Russia - Part 1: Moscow
It's been over 18 months since I took a trip to Russia with Andrey and Cliff, but better late than never to post about it. There were so many stories and photos I think it just seemed to daunting to give the proper treatment on the blog. But the longer I wait the less I remember, so best to get it down in writing.
I had been talking to Andrey for years about visiting Russia with him, but without really making any plans. Cliff and I had a good time taking the Trabi to Krakow the year before, and with him having a baby on the way and a move to the US coming up, there was sufficient urgency for the three of us to plan a trip. Getting visas was relatively easy since Andrey new some travel agent connections and had relatives that could formally invite us if need be.
We flew into Moscow, where Andrey lived several years, including during his graduate studies, and where Andrey's mother-in-law lives. Andrey told us before she lived in one of the nicer neighborhoods, so it was a bit surprising that the entire neighborhood was comprised of buildings reminiscent of communist-style "Plattenbau" housing, and looked similar to many other parts of Moscow. With easy transit access and relatively central location, I suppose it was actually pretty premium.
Since she didn't speak any English, and we didn't speak any Russian, it was a bit awkward to communicate upon first meeting - mostly smiles and hand signs before asking Andrey to translate - but her energy and high-spiritedness did away with it soon. The ice really broke when she invited us into the kitchen the first night for a round of vodka shots.
One of the great things about staying here was that Andrey communicated that we'd like to try to real traditional Russian recipes, and so we were fortunate enough to have a couple traditional meals.
The first day after we arrived we decided that one of the first things we had to do, of course, was head down to Red Square. The day started off smokey. You may remember that in 2010 smoke form large wildfires around Moscow covered the city in a dense, dangerous, smog. We arrived just as they were dying down and the public health threat was minimal, but the presence of smoke was still evident when the wind blew from the right direction. Some people were still wearing masks, and one night with the window left open the stench woke me up. But this was only really evident on our first and second day, and after that the weather on our trip was for the most part quite beautiful and comfortable.
|Doing our best to look like American tourists - it bit me in the ass later|
|fly and St. Basil's|
One of the most surprising and impressive things about our trip were the subways, both in Moscow and St. Petersburg. The stations in Moscow are incredibly grandiose, with beautiful marble in places, lots of adornments, majestic entryways.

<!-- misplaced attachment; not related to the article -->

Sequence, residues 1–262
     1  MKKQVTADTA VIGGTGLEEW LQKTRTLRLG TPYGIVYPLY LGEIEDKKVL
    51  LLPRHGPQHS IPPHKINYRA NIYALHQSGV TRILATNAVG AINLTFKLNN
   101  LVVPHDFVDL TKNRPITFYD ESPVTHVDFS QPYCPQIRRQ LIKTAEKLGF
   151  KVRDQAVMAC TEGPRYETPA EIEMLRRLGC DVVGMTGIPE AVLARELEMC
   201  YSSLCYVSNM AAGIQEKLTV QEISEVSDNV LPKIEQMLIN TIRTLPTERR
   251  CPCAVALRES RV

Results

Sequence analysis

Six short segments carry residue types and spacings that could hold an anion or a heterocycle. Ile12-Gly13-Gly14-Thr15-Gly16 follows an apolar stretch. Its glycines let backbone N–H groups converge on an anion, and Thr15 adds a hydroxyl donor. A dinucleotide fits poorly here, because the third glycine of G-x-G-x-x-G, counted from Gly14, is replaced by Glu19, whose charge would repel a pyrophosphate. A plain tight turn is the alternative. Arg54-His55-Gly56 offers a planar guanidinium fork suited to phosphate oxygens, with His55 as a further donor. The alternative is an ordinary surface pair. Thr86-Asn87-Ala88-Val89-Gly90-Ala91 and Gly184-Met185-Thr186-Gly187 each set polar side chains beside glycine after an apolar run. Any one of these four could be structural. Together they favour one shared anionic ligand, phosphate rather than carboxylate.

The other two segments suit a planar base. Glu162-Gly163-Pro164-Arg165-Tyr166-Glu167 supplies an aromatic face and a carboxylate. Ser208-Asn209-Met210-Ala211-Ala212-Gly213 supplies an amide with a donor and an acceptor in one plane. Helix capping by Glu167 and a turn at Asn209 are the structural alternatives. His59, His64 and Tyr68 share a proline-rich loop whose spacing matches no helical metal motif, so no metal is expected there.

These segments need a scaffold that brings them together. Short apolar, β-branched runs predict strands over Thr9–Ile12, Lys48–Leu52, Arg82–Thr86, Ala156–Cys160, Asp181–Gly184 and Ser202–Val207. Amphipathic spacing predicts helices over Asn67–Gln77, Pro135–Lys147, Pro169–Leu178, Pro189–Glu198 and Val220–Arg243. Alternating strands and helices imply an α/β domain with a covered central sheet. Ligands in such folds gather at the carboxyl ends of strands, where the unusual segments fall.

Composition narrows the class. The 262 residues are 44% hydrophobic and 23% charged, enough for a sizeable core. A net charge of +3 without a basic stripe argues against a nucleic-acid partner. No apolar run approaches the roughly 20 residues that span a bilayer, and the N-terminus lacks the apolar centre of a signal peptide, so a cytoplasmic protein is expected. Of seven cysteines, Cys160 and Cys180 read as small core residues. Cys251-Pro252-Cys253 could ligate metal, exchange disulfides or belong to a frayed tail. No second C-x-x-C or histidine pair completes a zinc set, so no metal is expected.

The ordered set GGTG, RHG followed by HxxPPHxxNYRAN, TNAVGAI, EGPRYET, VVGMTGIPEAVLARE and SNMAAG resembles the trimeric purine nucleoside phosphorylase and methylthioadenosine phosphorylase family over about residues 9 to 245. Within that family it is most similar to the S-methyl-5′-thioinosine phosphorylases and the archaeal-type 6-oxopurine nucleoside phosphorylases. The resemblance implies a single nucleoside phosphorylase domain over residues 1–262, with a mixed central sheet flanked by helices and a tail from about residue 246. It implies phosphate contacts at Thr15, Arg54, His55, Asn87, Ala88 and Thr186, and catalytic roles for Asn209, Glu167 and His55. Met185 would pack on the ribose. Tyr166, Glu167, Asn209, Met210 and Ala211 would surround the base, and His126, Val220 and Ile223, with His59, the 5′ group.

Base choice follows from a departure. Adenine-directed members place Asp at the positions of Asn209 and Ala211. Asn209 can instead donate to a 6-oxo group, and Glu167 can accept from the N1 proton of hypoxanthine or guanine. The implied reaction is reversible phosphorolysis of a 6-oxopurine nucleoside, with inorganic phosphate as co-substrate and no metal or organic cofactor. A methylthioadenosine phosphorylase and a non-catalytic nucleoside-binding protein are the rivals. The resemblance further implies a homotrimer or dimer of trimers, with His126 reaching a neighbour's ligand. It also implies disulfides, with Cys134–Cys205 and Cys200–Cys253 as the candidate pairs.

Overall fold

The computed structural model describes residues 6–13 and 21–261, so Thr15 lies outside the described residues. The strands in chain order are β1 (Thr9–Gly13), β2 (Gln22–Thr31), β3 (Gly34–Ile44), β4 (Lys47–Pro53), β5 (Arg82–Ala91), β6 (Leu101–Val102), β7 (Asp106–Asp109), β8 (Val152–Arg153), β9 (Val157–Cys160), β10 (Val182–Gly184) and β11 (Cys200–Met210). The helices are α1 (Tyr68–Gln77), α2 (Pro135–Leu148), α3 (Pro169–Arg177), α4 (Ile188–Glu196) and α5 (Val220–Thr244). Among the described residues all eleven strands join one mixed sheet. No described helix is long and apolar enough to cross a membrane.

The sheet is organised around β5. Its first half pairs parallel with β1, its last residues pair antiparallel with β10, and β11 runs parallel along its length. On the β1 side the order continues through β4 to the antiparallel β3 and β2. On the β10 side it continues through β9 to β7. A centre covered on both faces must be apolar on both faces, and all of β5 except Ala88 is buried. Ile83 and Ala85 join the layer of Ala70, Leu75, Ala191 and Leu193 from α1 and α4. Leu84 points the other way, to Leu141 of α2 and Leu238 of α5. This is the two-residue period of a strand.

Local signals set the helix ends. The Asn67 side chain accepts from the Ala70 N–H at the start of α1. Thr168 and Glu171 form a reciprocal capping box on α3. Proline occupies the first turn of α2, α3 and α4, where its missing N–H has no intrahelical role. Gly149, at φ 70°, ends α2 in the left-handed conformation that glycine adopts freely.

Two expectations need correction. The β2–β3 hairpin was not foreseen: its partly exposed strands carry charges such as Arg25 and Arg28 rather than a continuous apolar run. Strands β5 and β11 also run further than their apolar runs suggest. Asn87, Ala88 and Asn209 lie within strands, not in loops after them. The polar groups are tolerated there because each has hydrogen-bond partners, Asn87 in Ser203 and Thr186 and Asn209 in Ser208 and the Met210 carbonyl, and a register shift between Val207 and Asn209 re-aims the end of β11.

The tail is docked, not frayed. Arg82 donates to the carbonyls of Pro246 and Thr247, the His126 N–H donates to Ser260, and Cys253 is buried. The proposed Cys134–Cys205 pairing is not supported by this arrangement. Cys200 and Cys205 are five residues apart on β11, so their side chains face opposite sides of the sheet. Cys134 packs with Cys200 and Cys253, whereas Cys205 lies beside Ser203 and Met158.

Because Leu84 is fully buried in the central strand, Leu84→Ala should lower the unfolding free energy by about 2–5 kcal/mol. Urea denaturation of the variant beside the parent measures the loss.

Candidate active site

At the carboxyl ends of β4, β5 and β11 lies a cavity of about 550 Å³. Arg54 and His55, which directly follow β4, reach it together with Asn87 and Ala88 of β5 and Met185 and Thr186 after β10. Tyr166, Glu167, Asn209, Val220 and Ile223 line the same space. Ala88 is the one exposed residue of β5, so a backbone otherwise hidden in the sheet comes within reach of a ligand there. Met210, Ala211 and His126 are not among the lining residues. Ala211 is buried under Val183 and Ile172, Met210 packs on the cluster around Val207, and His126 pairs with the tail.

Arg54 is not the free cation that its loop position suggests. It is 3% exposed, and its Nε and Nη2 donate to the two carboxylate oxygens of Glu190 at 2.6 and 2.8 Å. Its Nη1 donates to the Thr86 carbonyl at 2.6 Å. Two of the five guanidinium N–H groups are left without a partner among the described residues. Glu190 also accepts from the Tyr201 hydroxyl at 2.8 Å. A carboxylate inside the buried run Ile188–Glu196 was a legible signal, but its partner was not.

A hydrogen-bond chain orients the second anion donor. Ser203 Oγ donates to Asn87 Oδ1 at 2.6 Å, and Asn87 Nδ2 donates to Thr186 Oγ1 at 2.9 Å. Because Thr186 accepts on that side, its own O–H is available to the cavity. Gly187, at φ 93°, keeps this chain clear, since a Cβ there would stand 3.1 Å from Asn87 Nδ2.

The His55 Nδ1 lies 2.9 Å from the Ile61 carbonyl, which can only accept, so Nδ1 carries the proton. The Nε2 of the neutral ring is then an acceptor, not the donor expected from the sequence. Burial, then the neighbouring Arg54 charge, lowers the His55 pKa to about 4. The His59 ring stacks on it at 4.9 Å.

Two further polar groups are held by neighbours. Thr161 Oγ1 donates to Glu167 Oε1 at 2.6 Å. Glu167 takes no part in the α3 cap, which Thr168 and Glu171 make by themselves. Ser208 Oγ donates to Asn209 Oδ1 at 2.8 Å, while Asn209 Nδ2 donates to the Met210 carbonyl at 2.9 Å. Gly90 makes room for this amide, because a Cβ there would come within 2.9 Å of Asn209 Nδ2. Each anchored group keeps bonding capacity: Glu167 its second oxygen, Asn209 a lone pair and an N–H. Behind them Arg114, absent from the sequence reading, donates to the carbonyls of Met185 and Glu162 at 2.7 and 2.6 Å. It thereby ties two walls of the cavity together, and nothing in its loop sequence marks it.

I learned that the Moscow subway carries the second most people per year in the world, after Tokyo. About as much and London and Paris.....combined. Also, the trains were incredibly frequent. We never had to wait more than a couple minutes. We spent a fair amount of time on the subway system getting around to various locations. This was a common sight for me:
One of the new things Cliff and I tried while out on the town in the heat was the local vendors outside the Metro stations selling cold Kvass (KBAC), which is a cold, fermented drink made from bread. It's like 1% alcohol. It basically tastes like drinking bread, or yeast.
|Andrey and Cliff partake of the Kvass|
After taking in some of the essential sites, we decided to head to St. Petersburg, so we could make it back in time to chill in Moscow a few more days before heading home. On a map of Russia, Moscow and St. Petersburg appear pretty close to one another, which is of deceiving, because Russia is friggin huge. It's actually like 700km between them, which is like Paris to Prague. We decided to take an overnight train, party for the convenience of making the most of our time, partly for the experience.
|Cliff chillin in our cabin|
|Our pretty train ticket, and the classy tea cup that we were served complimentary tea in.|
The three of us got our own cabin on the train. I have to say, it was probably the most comfortable train ride I've had. I actually slept pretty well, and when I woke up, we were just outside of St. Petersburg. Arriving in the St. Petersburg train station was one of the most dramatic impressions I had of the trip. Loud, patriotic orchestral music filled the large main hall of the station, and a gigantic train map-mural in a style that must be at least 50 years old was an imposing sight covering one wall. The whole scene really left an impression of power.
Next post: Russia - Part 2: St. Petersburg.